Menopause Live - IMS Updates

Date of release: 03 May, 2010

Does mammography reduce breast cancer mortality?

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Previous studies have shown a 25% reduction in breast cancer mortality in Copenhagen following the introduction of mammography screening. A follow-up study was recently performed by the Nordic Cochrane Centre using an additional screening region and 5 years’ additional follow-up [1]. Jørgensen and colleagues used Poisson regression analyses, adjusted for changes in age distribution, to compare the annual percentage change in breast cancer mortality in areas where screening was used with the percentage change in areas where it was not used, during the 10 years before screening was introduced and for the 10 years after screening was in practice (starting 5 years after the introduction of screening). The study was performed in Copenhagen, where mammography screening started in 1991, and Funen county, where screening was introduced in 1993. The rest of Denmark (about 80% of the population) served as an unscreened control group. The Cause of Death Register and Statistics in Denmark for 1971–2006 was used. Amongst women who could benefit from screening (ages 55–74 years), they found a mortality decline of 1% per year in the screening areas (relative risk (RR) 0.99, 95% confidence interval (CI) 0.96–1.01) during the 10-year period when screening could have had an effect (1997–2006). In women of the same age in the non-screened areas, there was a decline of 2% in mortality per year (RR 0.98, 95% CI 0.97–0.99) in the same 10-year period. In women who were too young to benefit from screening (ages 35–55 years), breast cancer mortality during 1997–2006 declined 5% per year (RR 0.95, CI 0.92–0.98) in the screened areas and 6% per year (RR 0.94, CI 0 .92–0.95) in the non-screened areas. For the older age groups (75–84 years), there was little change in breast cancer mortality over time in both screened and non-screened areas. Trends were less clear during the 10-year period before screening was introduced, with a possible increase in mortality in women aged less than 75 years in the non-screened regions. The authors concluded that they were unable to find an effect of the Danish screening programme on breast cancer mortality. The reductions in breast cancer mortality observed in screened regions were similar to or less than those in non-screened areas and in age groups too young to benefit from screening, and are more likely to be explained by changes in risk factors and improved treatment than by screening mammography.


This paper has created a scientific storm in Europe by asserting that screening mammography, at least in this population, did not reduce breast cancer mortality. It also stimulated a lot of strong correspondence to the British Medical Journal [2], attacking the study and its authors. The main criticisms were that the populations compared were too different, did not take into account control subjects who had a private mammogram, ‘contamination’ of the data sets by pre-screening fatal breast cancers, failure to control for women already diagnosed with breast cancer prior to screening, and perhaps a difference in breast cancer treatments by region. The authors of these letters often used quite strong language such as ‘polluted data’, ‘failure of the peer review’, the analysis was ‘not credible’, and ‘more flawed research’. One critic stated, ‘This article is simply the latest in the vast amount of misinformation that has been added to the literature with regard to mammography screening’ [2]. Such language suggests to me that this paper has challenged the existing paradigm (that screening mammography lowers the death rate from breast cancer) and the respondents are reacting with anger rather than in a calm scientific manner.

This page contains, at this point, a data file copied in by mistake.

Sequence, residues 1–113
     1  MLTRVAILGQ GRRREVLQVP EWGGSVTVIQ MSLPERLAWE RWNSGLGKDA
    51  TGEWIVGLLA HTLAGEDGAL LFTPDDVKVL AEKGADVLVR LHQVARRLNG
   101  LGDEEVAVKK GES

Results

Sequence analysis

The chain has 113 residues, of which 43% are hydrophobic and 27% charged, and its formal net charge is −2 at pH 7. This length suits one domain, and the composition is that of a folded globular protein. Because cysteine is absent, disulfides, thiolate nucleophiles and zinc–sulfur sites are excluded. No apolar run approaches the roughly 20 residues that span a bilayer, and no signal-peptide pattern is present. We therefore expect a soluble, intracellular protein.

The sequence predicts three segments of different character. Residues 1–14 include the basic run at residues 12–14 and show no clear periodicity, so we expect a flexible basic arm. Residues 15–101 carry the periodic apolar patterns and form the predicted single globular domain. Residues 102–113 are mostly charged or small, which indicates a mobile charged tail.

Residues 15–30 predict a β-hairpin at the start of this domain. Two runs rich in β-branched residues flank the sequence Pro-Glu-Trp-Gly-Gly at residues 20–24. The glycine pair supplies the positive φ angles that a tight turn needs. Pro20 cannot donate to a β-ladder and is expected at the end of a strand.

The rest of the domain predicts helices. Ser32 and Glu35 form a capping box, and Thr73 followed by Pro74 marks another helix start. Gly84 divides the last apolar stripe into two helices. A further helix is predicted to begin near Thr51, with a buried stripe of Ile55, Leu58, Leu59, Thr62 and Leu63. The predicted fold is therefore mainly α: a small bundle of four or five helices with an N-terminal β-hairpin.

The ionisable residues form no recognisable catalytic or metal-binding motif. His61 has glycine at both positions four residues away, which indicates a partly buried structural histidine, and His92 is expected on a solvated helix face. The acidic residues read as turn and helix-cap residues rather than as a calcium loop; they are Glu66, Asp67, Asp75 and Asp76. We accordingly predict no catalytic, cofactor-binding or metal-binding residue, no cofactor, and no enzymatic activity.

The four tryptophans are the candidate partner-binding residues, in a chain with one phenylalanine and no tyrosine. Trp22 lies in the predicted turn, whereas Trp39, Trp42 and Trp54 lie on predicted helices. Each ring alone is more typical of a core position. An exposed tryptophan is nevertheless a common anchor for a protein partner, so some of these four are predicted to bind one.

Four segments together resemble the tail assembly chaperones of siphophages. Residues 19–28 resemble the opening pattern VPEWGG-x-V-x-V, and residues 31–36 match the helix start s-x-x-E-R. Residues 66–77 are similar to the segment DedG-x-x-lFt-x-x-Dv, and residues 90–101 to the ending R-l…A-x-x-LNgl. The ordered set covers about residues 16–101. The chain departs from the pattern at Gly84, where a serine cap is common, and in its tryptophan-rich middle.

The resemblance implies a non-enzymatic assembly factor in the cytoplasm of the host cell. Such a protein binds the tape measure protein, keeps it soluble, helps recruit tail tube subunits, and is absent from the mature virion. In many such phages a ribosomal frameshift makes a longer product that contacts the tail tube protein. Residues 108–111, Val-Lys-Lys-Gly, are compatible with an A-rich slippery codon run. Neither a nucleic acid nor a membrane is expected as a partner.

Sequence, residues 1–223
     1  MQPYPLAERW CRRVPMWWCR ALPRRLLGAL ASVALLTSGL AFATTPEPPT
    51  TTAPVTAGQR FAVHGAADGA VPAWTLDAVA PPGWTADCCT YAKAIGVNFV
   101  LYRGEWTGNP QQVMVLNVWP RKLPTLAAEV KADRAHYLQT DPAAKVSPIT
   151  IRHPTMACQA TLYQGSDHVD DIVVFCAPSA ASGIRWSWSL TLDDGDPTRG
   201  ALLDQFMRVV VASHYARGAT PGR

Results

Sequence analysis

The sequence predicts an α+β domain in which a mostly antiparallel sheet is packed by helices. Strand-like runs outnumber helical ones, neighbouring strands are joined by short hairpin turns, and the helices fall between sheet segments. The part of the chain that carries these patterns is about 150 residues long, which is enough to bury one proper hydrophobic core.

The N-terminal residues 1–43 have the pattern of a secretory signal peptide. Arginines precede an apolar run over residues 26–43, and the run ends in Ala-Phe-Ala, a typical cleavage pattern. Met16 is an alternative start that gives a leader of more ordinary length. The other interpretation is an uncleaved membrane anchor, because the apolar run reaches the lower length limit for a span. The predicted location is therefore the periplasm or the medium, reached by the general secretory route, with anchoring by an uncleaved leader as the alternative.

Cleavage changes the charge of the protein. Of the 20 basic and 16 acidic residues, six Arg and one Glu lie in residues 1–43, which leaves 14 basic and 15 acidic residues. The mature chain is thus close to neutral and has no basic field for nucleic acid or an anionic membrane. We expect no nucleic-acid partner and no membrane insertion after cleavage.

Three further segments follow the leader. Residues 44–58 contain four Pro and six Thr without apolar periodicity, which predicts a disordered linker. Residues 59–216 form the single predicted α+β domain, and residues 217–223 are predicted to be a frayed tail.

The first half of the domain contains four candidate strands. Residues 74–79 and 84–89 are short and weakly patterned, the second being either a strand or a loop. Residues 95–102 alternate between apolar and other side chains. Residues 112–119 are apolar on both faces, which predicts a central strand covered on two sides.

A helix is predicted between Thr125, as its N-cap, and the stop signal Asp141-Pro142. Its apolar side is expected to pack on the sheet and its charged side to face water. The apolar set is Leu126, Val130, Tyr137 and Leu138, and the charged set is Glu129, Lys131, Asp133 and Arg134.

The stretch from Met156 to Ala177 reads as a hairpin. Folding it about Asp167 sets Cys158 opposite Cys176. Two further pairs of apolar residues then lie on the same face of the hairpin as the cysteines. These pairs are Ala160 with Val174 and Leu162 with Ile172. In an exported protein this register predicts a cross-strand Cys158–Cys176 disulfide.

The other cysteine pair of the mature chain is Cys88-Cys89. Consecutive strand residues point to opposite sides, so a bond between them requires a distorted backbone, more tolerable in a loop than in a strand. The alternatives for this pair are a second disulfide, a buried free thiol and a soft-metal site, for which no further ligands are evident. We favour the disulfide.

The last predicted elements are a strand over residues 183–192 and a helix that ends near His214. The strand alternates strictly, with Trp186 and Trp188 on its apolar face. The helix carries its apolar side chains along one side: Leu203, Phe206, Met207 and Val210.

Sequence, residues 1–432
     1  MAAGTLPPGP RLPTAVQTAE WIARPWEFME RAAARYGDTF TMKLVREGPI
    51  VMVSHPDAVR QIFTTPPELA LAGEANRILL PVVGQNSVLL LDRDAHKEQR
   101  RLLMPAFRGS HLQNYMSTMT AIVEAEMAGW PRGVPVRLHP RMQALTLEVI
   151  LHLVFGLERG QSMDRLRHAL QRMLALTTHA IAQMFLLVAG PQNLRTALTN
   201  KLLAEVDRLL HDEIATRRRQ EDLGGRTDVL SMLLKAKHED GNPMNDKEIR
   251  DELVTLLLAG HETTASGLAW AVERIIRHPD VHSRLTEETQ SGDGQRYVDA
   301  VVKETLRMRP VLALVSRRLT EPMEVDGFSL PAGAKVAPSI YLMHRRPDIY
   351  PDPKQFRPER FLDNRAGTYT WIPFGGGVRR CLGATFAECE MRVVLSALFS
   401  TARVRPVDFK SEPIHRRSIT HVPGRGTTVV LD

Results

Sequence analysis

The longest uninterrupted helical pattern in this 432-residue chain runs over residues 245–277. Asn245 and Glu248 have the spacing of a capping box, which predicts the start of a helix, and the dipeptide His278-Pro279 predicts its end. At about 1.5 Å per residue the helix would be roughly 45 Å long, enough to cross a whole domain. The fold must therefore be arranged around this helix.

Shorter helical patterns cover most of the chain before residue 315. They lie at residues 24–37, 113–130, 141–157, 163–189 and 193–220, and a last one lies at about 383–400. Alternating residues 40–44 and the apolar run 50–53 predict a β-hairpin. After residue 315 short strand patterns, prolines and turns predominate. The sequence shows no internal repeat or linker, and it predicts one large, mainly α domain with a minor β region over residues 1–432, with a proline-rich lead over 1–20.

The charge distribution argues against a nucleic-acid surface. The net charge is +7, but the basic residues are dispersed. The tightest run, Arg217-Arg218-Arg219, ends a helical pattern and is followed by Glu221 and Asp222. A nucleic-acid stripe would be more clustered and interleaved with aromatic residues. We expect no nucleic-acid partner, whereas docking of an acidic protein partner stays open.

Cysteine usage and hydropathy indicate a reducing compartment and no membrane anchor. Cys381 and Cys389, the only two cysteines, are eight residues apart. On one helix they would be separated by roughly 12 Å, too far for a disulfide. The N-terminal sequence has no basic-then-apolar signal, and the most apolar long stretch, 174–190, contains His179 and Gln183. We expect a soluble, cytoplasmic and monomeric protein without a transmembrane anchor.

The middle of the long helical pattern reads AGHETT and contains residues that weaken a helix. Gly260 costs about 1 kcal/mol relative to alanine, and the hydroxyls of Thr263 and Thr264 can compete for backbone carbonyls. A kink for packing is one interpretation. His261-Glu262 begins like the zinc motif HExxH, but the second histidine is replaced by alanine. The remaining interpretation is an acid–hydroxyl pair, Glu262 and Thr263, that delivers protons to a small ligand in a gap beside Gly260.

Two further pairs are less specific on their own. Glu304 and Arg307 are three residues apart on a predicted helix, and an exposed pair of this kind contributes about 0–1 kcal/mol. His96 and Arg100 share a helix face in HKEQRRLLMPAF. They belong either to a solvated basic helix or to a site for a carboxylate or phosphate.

In reply, the authors point out that, if there had been an effect of screening mammography, then one would have expected to see a widening gap in the mortality rates between the screened and non-screened areas over time, as seen in the randomized, controlled trials. In contrast, the mortality rates in the two groups were parallel. Certainly, most breast cancer deaths by the end of the time of observation would be due to cancers detected during the screening period. In their letter replying to the critics, the authors suggest that much of the improved survival for breast cancer is due to improved treatments (as seen in the younger, unscreened populations) rather than early detection. 
Has screening mammography outlived its usefulness? There seems little doubt that, 20–30 years ago, it did save lives. But does screening mammography reduce breast cancer mortality now, especially since treatments are much more effective than in the past? It is difficult for the clinician to know where the truth is here. I suspect that only new, randomized, controlled trials will be able to finally answer this important question.


John Eden
Associate Professor of Reproductive Endocrinology, University of New South Wales; Director, Barbara Gross Research Unit, Royal Hospital for Women; Director, Sydney Menopause Centre, Royal Hospital for Women; Director, Womens Health and Research Institute of Australia, Sydney, Australia


  1. Jørgensen KJ, Zahl PH, Gøtzsche PC. Breast cancer mortality in organised mammography screening in Denmark: comparative study. BMJ 2010;340:c1241. Published March 23, 2010.